By Jeffrey Scott
Boost your profits by taking a companywide, systematic approach to increasing upsells, cross-sells and enhancement work. Seven tactics that work are as follows:
1. Present your company more comprehensively
It is darn near impossible to change a client’s view of your company once their impression is set, so be careful how you present yourself during the first sale. If you give your new client a more comprehensive introduction, your chances of upselling them (throughout their lifetime as a customer) increase dramatically. Use role playing to get this right.
2. Involve your office staff
It takes seven impressions for a client to grasp (and consider buying) what you are selling. Your office can have a significant impact on making these seven impressions:
Drop “specials” into your statement and proposal envelopes. Try lime green flyers. Every envelope that goes out should have a small marketing flyer.
Arm your staff with specials and tips to discuss when clients call in. Educate your staff on the hot issues of the month, and give them lingo to use when speaking with clients.
Send out monthly e-mail alerts with timely tips and offers (not a newsletter, but a simple e-mail with a picture).
Update Facebook with these same tips and specials, and tweet them as well.
Give your office staff a cheat sheet: a list of clients, and what major products and services they are not getting from you (e.g. irrigation service, lawn maintenance, fire pits, barbeque set ups, etc.).
3. Be ready to share ideas
Clients are buying you for your hard work and dependable results, but also for your expertise and ideas. Be an “idea” company. Your field staff, salespeople, project managers and account execs can be constantly providing new ideas to your clients.
Keep in mind:
Wealthy clients want to do projects.
Property managers want to keep their stakeholders happy.
The average consumer wants to protect his/her investment.
If your field staff lacks ideas, do one or both of the following:
Give them formal training on the other services you offer.
Have someone with a bigger vision walk the property and come up with ideas that the field staff can offer.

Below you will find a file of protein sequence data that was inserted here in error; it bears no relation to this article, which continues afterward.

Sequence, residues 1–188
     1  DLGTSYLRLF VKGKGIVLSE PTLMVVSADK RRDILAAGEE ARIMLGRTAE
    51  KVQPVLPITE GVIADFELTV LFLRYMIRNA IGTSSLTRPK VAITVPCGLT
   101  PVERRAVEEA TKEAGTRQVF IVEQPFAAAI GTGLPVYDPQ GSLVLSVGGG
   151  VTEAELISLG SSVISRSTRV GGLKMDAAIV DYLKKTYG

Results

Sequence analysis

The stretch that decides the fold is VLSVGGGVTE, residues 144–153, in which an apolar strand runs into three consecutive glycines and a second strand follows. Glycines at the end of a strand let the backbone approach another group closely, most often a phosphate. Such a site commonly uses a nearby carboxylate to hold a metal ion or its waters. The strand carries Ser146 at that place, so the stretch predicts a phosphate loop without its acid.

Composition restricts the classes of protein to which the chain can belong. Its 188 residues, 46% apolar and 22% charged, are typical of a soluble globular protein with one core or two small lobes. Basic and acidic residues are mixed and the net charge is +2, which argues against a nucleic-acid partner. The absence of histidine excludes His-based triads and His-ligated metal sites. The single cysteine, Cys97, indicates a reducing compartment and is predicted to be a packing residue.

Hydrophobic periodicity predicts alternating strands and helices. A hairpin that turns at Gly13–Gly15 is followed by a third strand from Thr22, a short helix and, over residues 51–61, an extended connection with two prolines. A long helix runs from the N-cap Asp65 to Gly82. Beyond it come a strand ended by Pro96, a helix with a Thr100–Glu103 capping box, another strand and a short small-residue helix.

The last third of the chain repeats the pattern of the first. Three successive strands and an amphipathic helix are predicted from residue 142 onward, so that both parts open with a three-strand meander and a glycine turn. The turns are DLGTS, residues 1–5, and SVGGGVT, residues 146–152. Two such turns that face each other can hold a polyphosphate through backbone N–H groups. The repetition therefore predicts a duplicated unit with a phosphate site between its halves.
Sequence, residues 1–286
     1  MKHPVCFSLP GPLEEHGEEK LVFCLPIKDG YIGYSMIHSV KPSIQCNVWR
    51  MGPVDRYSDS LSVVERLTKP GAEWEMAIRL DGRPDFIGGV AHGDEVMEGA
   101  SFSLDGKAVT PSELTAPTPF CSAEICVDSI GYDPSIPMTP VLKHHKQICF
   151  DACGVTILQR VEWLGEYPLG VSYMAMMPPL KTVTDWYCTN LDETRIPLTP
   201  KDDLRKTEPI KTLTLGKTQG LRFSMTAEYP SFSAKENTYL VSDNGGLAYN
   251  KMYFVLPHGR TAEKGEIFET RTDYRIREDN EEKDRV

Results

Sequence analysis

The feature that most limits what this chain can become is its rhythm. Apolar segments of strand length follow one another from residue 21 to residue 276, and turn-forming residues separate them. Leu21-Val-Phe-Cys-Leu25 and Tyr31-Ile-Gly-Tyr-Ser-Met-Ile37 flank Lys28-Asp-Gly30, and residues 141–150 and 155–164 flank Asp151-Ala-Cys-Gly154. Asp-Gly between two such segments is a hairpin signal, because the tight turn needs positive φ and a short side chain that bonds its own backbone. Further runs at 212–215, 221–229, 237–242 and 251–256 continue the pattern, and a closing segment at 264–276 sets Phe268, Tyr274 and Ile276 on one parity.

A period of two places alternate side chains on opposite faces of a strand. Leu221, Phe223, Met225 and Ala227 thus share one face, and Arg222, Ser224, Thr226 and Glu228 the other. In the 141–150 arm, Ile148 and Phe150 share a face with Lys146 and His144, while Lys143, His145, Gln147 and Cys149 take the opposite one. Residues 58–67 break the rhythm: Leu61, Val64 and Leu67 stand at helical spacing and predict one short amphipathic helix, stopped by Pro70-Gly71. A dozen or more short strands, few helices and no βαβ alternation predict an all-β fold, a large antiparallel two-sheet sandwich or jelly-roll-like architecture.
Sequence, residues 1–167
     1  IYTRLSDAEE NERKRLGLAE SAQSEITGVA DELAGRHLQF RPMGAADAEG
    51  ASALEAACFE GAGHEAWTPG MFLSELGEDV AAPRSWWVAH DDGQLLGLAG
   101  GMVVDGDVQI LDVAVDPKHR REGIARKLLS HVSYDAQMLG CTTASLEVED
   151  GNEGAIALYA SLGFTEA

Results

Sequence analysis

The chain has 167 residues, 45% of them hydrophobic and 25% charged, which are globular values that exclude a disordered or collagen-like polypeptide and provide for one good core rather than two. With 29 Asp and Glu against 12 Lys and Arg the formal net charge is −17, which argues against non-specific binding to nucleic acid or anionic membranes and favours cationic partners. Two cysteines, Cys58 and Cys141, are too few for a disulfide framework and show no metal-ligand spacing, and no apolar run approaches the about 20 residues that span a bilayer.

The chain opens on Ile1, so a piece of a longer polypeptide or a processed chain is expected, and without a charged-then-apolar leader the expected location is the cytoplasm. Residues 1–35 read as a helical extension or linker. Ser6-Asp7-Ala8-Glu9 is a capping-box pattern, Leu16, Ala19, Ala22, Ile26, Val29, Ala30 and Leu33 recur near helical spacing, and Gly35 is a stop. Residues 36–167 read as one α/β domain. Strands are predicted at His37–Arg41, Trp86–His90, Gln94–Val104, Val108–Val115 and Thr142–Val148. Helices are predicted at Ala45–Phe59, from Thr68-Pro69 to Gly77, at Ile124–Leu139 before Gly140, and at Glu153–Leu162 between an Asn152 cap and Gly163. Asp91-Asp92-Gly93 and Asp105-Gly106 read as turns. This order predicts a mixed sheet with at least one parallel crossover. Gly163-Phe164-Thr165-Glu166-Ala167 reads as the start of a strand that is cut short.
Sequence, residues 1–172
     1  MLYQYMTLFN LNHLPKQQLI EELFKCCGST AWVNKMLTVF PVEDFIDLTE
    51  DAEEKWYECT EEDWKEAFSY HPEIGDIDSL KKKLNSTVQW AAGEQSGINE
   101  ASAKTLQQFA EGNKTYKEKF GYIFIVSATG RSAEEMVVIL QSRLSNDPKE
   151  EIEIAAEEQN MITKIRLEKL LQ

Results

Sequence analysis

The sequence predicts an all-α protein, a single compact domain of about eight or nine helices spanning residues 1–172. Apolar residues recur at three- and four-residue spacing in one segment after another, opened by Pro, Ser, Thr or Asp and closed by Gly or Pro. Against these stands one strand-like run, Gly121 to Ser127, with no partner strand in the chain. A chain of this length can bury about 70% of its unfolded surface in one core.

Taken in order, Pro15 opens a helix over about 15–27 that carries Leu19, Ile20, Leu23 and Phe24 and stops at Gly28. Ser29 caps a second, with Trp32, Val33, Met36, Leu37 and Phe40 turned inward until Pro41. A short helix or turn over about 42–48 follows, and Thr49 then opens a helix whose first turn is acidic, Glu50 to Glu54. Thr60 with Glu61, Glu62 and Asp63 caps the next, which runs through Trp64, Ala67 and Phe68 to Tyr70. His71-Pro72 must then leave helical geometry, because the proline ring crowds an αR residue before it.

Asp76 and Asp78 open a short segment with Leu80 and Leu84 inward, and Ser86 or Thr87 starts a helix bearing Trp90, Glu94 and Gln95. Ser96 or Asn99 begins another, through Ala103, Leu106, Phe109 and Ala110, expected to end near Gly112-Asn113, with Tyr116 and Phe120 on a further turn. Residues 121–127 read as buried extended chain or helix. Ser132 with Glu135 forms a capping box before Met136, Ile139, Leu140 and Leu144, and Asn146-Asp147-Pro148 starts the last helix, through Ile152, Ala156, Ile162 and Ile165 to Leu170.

4. Be proactive with proposals
Clients need to budget their expenses. Giving them actual proposals allows them to consider and start budgeting for your ideas. You can do this a couple different ways:
Offer proposals monthly, suggesting services you think the client and the property need. Don’t use a hard sell, make it “for their consideration.”
Offer up a schedule of proposed services with dates and pricing. Your organized clients — i.e. the “planners” — will appreciate this.
Role playing will help here as well.
5. Stop selling from your wallet
Ironically, many salespeople in the landscape business cannot afford to buy the same level of services they are selling — especially at the higher end. Their household spending habits may make it uncomfortable for them to sell at higher prices and higher volumes.
Not only that, but they may have been raised in a household where money was not easily talked about, and so they may be uncomfortable talking about money.
Therefore, your job is to get your staff feeling comfortable talking about money, and selling at price points higher than they are personally accustomed to.
A couple of ways to do that:
Take them window-shopping where your clients shop, so they can understand how your clients spend.
Educate them on how your budget is put together and your selling price is derived, so they can sell with confidence.
6. Use incentives
Make selling fun in your company. There are three levels of selling opportunities to reward:
Give incentives for identifying needs and bringing them back to your office for a salesperson to follow up on.
Give incentives for making a sale.
Give incentives for finding new clients — perhaps neighbors of your clients, or friends of your employees.
Selling is a sport that can involve everyone, so make it fun. Incentives don’t have to be large, just large enough to make it fun.
7. Don’t call it selling
Many people whose job is selling don’t actually like to think of themselves as salespeople. They would rather think of themselves as service providers, experts and problem solvers.
Moreover, many clients don’t like to be “sold” by overt salespeople.
So get your staff on the same page as your clients by coaching your staff to become customer-focused problem-solvers, property consultants and idea generators.
When selling is fun and it helps your customers, everyone wins.
Jeffrey Scott, MBA, is a business consultant and author of The Referral Advantage and The Leader’s Edge. At age 34, he took over and built his family’s landscape business into a $10 million enterprise. He now consults with more than 50 landscape organizations throughout the United States. He has created a process for running highly productive peer groups for landscape business owners who want to transform and profitably grow their business. To learn more, visit www.GetTheLeadersEdge.com